We should not forget the implications for us of these emissions. The noble Lord, Lord Crickhowell, discussed the issue of bunker fuel emissions from shipping. Bunker fuel is the dirtiest substance imaginable and the cause of most of the acid rain that falls in this country. Those emissions come from international shipping. We should not underestimate the effect on our environment that this enormous level of transportation is having.

The point that the noble Lord has just made about the busiest shipping lanes in the world brings out the difficulty with which we are confronted. The question is: how much of that shipping has anything to do with this country? A great deal of it is pouring goods into the continental ports, and it is exactly that kind of problem of definition with which we are confronted in the Bill.

I owe my noble friend on the Front Bench an apology for rising before he did when he has put his name to the amendment. I heard him press the case but, much as I should like to see a reference to aviation emissions in the Bill, I did not hear him explain how they will be defined and measured and therefore placed in budgets and targets. That is precisely why I suggested that there was a role for the Committee on Climate Change, which would be able to form judgments about the practicality of moving forward in this area. Simply passing these amendments would achieve very little because that would not produce a practical solution to the question of how to define the emissions and ensure that they are emissions and carbon contributions which relate to this country and for which we should be responsible. It would not provide an answer to how we avoid getting landed with burdens that should fall on other countries.

Friends of the Earth produced the rather interesting example of Switzerland—a landlocked country, which receives goods that pass in ships and aircraft through our waters and airspace. How are we to deal with exactly that kind of international sharing problem? It is no good saying, “Well, we’ll include them”. We are entitled to demand—and I think the Joint Committee demanded this—a system for reporting the measurable factors in the aviation field that can arise, even if at this stage we cannot include them in the budgets and targets. We should find a way of reporting the scale of the emissions so that, when we can move forward to agreed international ways of acting, we can move quickly to bring them into a practical solution.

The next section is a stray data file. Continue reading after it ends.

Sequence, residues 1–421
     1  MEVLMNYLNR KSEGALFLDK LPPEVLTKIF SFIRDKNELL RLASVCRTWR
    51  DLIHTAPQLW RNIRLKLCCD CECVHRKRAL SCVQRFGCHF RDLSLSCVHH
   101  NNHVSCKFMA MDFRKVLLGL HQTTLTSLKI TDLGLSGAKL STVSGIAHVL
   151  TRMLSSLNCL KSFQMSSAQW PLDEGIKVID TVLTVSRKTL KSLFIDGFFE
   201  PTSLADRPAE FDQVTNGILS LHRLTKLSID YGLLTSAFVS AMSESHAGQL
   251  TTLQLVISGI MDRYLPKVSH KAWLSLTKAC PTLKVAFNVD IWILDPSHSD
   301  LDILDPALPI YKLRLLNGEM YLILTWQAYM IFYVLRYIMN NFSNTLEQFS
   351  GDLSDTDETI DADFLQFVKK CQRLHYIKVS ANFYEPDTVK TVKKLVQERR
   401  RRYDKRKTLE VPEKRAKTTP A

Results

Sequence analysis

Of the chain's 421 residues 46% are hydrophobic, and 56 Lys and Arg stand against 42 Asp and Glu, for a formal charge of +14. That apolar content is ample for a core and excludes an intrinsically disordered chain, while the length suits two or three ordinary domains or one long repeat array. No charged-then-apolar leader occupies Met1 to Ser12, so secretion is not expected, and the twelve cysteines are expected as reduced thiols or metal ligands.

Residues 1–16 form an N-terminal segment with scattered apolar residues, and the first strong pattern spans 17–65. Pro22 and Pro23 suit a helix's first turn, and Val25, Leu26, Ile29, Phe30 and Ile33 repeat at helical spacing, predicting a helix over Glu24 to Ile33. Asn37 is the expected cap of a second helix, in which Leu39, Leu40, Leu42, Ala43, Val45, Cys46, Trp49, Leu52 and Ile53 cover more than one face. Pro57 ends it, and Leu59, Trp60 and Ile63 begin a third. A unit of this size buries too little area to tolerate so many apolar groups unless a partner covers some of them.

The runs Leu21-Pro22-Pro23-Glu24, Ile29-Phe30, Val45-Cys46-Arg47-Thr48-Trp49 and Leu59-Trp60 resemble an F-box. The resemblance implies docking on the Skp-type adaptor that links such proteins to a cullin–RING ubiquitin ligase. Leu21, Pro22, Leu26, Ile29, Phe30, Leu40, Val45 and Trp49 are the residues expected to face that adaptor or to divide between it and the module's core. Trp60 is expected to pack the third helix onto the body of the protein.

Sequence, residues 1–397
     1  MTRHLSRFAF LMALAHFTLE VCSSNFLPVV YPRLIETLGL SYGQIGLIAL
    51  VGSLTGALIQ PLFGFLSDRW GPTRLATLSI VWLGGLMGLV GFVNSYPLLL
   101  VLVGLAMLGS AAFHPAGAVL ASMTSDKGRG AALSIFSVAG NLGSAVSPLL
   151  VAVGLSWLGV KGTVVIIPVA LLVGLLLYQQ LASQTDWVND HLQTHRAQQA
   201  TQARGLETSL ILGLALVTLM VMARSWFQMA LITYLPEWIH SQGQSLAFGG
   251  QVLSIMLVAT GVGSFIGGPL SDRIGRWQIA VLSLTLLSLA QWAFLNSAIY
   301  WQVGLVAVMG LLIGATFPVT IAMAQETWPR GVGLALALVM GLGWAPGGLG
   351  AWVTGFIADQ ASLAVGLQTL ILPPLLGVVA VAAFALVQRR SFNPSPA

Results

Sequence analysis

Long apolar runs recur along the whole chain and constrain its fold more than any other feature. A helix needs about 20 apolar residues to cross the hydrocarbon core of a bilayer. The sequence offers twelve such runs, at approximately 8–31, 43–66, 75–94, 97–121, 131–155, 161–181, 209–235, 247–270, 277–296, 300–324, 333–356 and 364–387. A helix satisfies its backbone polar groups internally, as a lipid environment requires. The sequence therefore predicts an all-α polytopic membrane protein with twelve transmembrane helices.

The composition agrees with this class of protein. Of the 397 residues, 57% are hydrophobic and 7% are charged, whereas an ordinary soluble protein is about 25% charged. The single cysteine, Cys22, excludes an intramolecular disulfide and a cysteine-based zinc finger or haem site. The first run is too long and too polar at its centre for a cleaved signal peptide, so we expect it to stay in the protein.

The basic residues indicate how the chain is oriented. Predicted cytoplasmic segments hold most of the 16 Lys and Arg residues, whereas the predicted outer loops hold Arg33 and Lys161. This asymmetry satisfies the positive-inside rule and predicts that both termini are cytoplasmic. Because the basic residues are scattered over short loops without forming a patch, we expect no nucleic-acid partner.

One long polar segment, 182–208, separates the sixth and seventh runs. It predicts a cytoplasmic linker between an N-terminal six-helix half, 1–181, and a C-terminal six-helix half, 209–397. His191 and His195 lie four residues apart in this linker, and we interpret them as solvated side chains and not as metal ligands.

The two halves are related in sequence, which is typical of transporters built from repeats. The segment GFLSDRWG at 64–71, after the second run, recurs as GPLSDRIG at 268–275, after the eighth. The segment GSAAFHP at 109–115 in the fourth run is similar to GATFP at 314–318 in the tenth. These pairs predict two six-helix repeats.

Therefore, my anxiety about my noble friend’s position is that he finishes up with a clause which demands something that is almost impossible to produce. I do not know who would say, “These are the factors that can go into the budgets and truly represent what the British should be contributing”. That is why I think we need a system for looking at this matter and why we should press the Government and the Committee on Climate Change to address these issues urgently, even if we cannot find an immediate solution.

Has anyone made an effort to produce a scheme, or the skeleton of a scheme, which could be worked on? Is anything happening at all?

Only in the sense that the Europeans have produced a scheme which deals with one particular aspect, but that is only a partial solution. Therefore, the answer to my noble friend is probably that there is no practical scheme or solution at present, and that is our difficulty. I hope that we can continue to press the Government for urgent action, and I wish that I could see a way of including what we want in one nice comprehensive and quick process, but I fear that I cannot.

What has characterised the discussion so far is that everyone in this Chamber seems to agree that aviation emissions are an issue and that they need to be addressed. That is a common point. The question is: how should they be addressed? If I have one disagreement with the noble Lords from the two Front Benches who have put their names to the amendment, it is that the tone of their introduction implies that, because those emissions are not included in the Bill, the UK or the Government do not care about them and nothing will be done unless they are included in the Bill. We know that is not the case. For some time now this has been the subject of intensive negotiations in Europe. The Minister will no doubt tell us in more detail when he replies. On 20 December the European Council reached an agreement—the draft is now toing and froing and is to be dealt with by the European Parliament—to introduce a European scheme in 2012. I ask the movers of the amendment: what on earth is the point of seeking to put something in the Bill and asking the Committee on Climate Change and the Government to start doing something when a scheme is going to be introduced in 2012 for the whole of the European Union? If each of the 27 member states were of the same mind and passed legislation this year—all with different schemes, all applying to different airlines—it would be chaos.

As members of a legislative Chamber of this Parliament, we owe it to people to tell them that this is best tackled at a European level. The issue is being tackled, it is being addressed, and robust and workable proposals have been agreed by the Council of Ministers. As I said, I am sure the Minister will speak to that. So it is not the case that the Government are sitting on their hands and that nothing will happen: the European scheme will start in 2012.

It makes no sense to try to put something into the Bill in this form. If it was in the Bill—whatever the figures were—targets would have to be included in the first three budgets; by law, the climate change committee or commission, depending on what it is called, would have to include them. What is it going to include? Which flights? The noble Lord who introduced the amendment said that you would not include all departures and all arrivals. Why not? That is the proposal in the European scheme. His noble friend referred to overflights, many of which do not land here but simply overfly United Kingdom airspace. This is not the way to make legislation.